The contribution is part of AT&T Aspire, focused on helping to achieve higher rates of college- and career-ready high school graduates. Since 2008, the company has distributed $350 million.

“High school success and workforce readiness is a top priority for AT&T,” Penna said. “This initiative is an excellent example of the private sector teaming up with nonprofit organizations to help at-risk youth in our community.”

More information about becoming a mentor is available by contacting youth coordinator Cindy O’Connor at 536-3536, ext. 304, or by email, coconnor@good

Randy Griffith is a reporter for The Tribune-Democrat. Follow him on Twitter at

Text Only | Photo Reprints
Latest News
  • Classes to resume at Franklin Regional High School

    April 16, 2014

  • 10 things to know for today

    April 16, 2014

  • Search teams will send unmanned sub to look for missing Malaysian airliner

    Teams searching for a missing Malaysian airliner are planning for the first time to send an unmanned submarine into the depths of the Indian Ocean to look for wreckage, an Australian official leading the multi-nation search said Monday.

    April 16, 2014

  • bank1 West End bank robbed

    The West End branch of AmeriServ Financial was robbed Tuesday morning, two days before the branch is scheduled to close.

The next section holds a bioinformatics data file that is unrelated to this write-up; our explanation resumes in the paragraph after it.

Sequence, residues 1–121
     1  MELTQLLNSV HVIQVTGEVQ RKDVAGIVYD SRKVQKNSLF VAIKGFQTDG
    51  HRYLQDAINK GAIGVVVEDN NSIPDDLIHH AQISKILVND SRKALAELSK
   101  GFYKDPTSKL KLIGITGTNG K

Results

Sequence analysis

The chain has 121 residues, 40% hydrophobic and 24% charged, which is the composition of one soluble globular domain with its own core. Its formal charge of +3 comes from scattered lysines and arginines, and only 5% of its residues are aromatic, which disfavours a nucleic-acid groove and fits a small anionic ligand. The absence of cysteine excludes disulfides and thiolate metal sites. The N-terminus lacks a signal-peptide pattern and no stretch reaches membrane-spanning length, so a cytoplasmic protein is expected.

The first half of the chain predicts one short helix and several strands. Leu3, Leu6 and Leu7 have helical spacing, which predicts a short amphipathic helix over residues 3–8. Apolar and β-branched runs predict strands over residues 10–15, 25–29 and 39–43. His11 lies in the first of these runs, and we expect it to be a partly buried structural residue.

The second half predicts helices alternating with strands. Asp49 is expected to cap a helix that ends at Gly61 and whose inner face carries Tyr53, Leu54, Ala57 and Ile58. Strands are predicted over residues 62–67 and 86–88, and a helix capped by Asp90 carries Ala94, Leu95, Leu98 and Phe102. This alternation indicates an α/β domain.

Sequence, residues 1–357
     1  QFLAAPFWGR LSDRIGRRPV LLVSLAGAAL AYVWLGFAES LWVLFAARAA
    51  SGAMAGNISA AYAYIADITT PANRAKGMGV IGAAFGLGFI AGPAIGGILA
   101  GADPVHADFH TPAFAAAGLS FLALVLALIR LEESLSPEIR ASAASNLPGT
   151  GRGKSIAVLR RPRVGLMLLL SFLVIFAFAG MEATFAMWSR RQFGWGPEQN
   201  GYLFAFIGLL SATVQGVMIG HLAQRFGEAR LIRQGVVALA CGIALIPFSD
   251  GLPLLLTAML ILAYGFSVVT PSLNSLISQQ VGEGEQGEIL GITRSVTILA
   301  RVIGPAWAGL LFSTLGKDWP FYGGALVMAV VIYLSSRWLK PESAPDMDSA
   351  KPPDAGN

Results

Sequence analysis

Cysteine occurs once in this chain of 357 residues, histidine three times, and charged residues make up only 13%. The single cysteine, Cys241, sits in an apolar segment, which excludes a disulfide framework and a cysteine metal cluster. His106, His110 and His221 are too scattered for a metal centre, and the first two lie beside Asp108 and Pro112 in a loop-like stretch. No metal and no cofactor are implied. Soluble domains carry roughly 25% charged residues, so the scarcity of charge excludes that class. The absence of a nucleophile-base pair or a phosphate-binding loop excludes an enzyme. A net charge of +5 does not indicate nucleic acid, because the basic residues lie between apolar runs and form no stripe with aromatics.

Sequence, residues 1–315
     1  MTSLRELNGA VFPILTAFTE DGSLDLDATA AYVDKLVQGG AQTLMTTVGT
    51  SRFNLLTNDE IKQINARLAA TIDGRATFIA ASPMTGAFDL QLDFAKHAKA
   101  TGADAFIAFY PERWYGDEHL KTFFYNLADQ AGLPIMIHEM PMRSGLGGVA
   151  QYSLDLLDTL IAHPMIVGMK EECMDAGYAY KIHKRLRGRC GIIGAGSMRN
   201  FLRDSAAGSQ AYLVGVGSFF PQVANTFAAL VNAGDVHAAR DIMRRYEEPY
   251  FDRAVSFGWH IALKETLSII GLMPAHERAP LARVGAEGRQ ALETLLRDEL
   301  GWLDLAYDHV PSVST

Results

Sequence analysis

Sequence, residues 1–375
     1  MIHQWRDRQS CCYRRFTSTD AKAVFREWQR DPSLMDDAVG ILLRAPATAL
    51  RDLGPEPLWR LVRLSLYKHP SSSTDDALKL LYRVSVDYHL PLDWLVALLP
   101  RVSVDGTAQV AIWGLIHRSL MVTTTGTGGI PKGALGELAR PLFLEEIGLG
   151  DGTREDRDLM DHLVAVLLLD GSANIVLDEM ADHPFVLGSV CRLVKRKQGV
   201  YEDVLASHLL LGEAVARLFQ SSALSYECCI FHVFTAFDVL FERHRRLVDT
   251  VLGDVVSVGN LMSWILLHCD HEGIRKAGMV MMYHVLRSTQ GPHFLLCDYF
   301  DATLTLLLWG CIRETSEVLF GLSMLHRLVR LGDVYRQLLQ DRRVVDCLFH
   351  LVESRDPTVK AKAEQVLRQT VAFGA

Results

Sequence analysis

April 15, 2014 2 Photos

  • weather_2 Old Man Winter returns to area

    Just when you think we’ve finally escaped the cold temperatures, winter swoops back in to remind us it’s not going away just yet.

    April 15, 2014 2 Photos

  • City seeks support for sewer revamp

    The city is looking for backup from the Johnstown Redevelopment Authority in spreading what they call “true” facts and figures regarding the city’s encompassing sewer revamp.

    April 15, 2014

  • Airport gets lift with $180G grant

    The John Murtha Johnstown–Cambria County Airport needs to replace some basic maintenance equipment: a pickup truck, painting machine, chain saw, weed eater, hand tools and more.
    So, on Tuesday, the airport’s authority agreed to accept Pennsylvania Department of Transportation Bureau of Aviation grant money that already has been tentatively allocated.

    April 15, 2014

  • Cresson asks court to force ex-chief to sign pact

    An agreement reached more than a month ago between Cresson Borough Council and its former police chief still has not been signed, and the borough is asking a judge to intervene.

    April 15, 2014

  • hamer 16 Mom told to seek help for addiction

    A Johnstown woman charged with tossing her 4-month-old baby and with drug-related offenses pleaded guilty and was sentenced in Cambria County court on Tuesday.

    April 15, 2014 1 Photo

  • Elder justice events set

    In an effort to combat elder abuse in area communities, an elder justice seminar will be held from 10 a.m. to 1 p.m. April 24 at the Johnstown Senior Center, 550 Main St., downtown Johnstown. In addition, a free elder abuse clergy training seminar will be held from 8:30 to 10 a.m. April 25 at Moxham Lutheran Church, 500 Park Ave., Johnstown.

    April 15, 2014


Do you think that Jack Williams will get the 270 signatures from city residents needed in order to have a referendum placed on a municipal ballot to have the city's pressure test mandate repealed?

I'm not sure
     View Results
Order Photos

Photo Slideshow

House Ads